• Dear Father Morello,

          Thank you for your comments. I think more than a prudential judgment is involved with Pope Francis’s revision of CCC, 2267 as well as with John Paul II’s teaching on the death penalty. This would take a long time to explain. Those who have difficulty with recent teachings of the Catholic Church on the death penalty should follow the CDF’s 1990 instruction, Donum Veritatis, especially n. 24, which says: “The willigness to submit loyally to the teaching of the Magisterium on matters per se not irreformable must be the rule.”

          Oremus pro invicem.

          • It’s the rule if clericalism is going to continue…such that three Popes don’t even have mention Rom.13:4 on the topic nor have to mention that a part Catholic non death penalty area from Brazil to Mexico is the most murderous on earth by UN figures easily found at wiki and after Vatican II’s Dei Verbum stated that the magisterium is not above the word but serves it…and passes on what was handed to them.

  16. A very good piece with the usual keen observation and language of From Rutler. One question: Would Father contend that JB is under the special protection of the Holy Ghost as becoming of this Office?

  17. Incoherent and dangerous basically sums up Francis’s entire theological outlook. Please God, let this train wreck of a pontificate come to an end.

  18. First, apologies for leaving out “g” in Bergoglio twice in my previous post in the first paragraph (but not in the second). Also I mistakenly referred to his “attenuated opposition to even the death penalty” rather than “life sentences.”

    Why offer (a number of disproportionate?) examples which disregard that the consideration of the death penalty is specifically first a question of justice in response to a wrong done by another, a significant wrong.

    This disregard (making it more about “prudence”) then avoids saying directly, “You see we don’t think about justice these days really the same way but more about human dignity…yes, first, for the perpetrators. Including the human dignity of victims? Sort of. Not as much.”

    This better explains the hierarchy’s handling of sexual and financial misdeeds because well, nothing quite gets the job done like the Principle of Human Dignity vs Justice (which involves punishment)…a principle which in a pinch can be used to justify euthanasia etc.

    I would not only challenge the tern “inadmissible” but “human dignity” as propagated by the secular State and the extent to which this secular (“new and improved”) understanding has now been made a part of our own Catechism without real concern for Scripture and Tradition yes Natural Law/Reason..ask for clarification.

    “In the same way, the Magisterium of the Church understands that the perpetual penalties, which deny the possibility of moral and existential redemption of the condemned and of the community, are a form of death penalty in disguise. … No one, then, can be deprived of his life or of his hope of redemption and reconciliation with the community.”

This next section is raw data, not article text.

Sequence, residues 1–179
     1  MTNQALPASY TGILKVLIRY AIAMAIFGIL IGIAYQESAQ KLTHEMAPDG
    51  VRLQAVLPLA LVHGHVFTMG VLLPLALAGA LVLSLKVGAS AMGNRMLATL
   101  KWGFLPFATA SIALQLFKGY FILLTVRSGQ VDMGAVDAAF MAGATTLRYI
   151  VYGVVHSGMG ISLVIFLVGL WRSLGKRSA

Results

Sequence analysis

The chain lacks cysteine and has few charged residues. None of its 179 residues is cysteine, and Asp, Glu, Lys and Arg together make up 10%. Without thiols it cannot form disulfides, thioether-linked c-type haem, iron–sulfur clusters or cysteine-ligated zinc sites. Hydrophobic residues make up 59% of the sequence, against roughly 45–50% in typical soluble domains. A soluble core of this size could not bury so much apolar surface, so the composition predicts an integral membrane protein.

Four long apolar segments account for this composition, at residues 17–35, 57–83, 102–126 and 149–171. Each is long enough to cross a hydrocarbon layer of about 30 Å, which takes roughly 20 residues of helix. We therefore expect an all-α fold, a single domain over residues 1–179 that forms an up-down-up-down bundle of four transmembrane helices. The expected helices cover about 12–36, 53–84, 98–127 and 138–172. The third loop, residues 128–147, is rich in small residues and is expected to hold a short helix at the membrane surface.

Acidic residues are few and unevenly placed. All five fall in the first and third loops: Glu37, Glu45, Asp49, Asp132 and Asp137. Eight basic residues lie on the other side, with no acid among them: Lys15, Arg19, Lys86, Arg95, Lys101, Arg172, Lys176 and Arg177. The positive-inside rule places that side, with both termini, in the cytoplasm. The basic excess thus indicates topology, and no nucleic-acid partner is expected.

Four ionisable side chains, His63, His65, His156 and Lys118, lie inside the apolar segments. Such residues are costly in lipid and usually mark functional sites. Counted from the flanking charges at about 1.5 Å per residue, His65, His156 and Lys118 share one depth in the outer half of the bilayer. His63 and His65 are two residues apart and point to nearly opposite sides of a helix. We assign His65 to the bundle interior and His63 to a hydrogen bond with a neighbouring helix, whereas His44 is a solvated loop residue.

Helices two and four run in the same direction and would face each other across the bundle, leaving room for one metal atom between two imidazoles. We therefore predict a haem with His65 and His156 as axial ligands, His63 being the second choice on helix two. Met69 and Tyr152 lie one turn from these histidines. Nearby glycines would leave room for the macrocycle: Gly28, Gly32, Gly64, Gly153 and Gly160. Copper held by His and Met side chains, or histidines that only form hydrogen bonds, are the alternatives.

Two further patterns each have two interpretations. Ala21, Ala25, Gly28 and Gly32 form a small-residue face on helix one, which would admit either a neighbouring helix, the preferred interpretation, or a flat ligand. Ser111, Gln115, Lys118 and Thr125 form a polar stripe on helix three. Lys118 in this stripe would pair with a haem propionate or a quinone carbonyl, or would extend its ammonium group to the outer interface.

Are the above words those of a man who believes in Grace, repentance, a Divine Savior, Jesus Christ, the soteriological value of the Cross and Resurrection, the Sacraments?

    No, it seems the “perpetual” in Bergoglio’s mind is really the provenance of the State and yes…this life, not The City of God.

    Viva Cristo Rey?

    Viva Peron! Viva Marx! Viva St. Gallen, Switzerland! And lest we forget…Viva Beijing (where they get social justice right)!

    • Yes! China has created at least 10 huge interment camps whose only purpose is to force the re education of thousands away from any belief in God. They have interred whole villages of Muslims and have set their sights on the Christian population. It is an abomination of free will and Maoism/atheism unleashed.

  19. Pope Francis is a lawless man. And he clearly prefers the close company of lawless and malicious men…like Cardinal Maradiaga.

    Since Pope Francis rejects scripture and tradition (as “Rev.” Rosica stated), and natural law, and reason (i.e. rejects Veritatis Splendor) in discontinuity with the Holy Fathers before him, he is rightfully opposed and openly confronted, until he repents…or vacates his office.

  20. I used to think that God would send down a lighting bolt to kill a Pope before he would ever directly teach heresy or contradict Church teaching on Faith and Morals.
    Oh well!
    Uncharted territory now.
    But I still hope for the lightning bolt, better late than never!

  21. Matthew 18:6 “Whoever causes one of these little ones who believe in me to sin, it would be better for him to have a great millstone hung around his neck and to be drowned in the depths of the sea.”